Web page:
Objective: To determine the effectiveness of commercially available magnetic bracelets for pain control in osteoarthritis of the hip and knee.
Design: Randomised, placebo controlled trial with three parallel groups.
Setting: Five rural general practices.
Participants: 194 men and women aged 45-80 years with osteoarthritis of the hip or knee.
Intervention: Wearing a standard strength static bipolar magnetic bracelet, a weak magnetic bracelet, or a non-magnetic (dummy) bracelet for 12 weeks.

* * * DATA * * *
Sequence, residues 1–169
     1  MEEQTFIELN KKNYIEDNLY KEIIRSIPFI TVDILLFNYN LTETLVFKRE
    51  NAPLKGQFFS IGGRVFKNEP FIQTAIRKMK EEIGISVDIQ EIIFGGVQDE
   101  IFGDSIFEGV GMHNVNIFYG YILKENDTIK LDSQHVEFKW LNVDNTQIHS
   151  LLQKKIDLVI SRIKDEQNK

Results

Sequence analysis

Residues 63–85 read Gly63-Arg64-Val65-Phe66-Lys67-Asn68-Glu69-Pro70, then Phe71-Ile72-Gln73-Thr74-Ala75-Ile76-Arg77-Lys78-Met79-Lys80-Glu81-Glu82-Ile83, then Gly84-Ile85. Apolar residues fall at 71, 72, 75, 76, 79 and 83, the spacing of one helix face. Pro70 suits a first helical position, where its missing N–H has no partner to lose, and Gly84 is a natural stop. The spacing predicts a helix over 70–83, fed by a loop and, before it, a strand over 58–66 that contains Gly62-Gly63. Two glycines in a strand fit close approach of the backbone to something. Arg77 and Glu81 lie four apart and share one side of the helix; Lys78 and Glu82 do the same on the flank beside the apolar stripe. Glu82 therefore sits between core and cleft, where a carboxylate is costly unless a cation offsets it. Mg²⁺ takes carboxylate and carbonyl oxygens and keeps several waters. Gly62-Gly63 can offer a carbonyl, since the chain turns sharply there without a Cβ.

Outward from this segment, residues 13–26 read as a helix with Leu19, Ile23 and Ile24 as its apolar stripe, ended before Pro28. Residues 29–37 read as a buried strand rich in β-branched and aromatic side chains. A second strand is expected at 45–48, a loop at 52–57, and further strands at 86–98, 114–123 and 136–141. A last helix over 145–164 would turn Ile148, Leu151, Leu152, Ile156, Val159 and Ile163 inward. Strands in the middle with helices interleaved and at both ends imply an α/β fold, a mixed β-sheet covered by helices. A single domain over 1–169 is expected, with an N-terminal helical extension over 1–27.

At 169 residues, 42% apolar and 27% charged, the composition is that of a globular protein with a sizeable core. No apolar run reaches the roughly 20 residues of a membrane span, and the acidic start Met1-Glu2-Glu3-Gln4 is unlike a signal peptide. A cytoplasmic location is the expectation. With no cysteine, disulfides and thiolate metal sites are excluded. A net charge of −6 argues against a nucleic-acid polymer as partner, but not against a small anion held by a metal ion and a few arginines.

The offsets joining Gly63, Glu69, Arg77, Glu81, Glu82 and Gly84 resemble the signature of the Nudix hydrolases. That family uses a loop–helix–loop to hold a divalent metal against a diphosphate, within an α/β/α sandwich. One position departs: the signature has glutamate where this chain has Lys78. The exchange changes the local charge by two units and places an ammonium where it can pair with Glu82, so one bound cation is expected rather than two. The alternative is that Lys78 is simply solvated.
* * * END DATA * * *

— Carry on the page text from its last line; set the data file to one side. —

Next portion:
Main outcome measures: Change in the Western Ontario and McMaster Universities osteoarthritis lower limb pain scale (WOMAC A) after 12 weeks, with the primary comparison between the standard and dummy groups. Secondary outcomes included changes in WOMAC B and C scales and a visual analogue scale for pain.
Results: Mean pain scores were reduced more in the standard magnet group than in the dummy group (mean difference 1.3 points, 95% confidence interval 0.05 to 2.55). Self reported blinding status did not affect the results. The scores for secondary outcome measures were consistent with the WOMAC A scores.
Conclusion: Pain from osteoarthritis of the hip and knee decreases when wearing magnetic bracelets. It is uncertain whether this response is due to specific or non-specific (placebo) effects.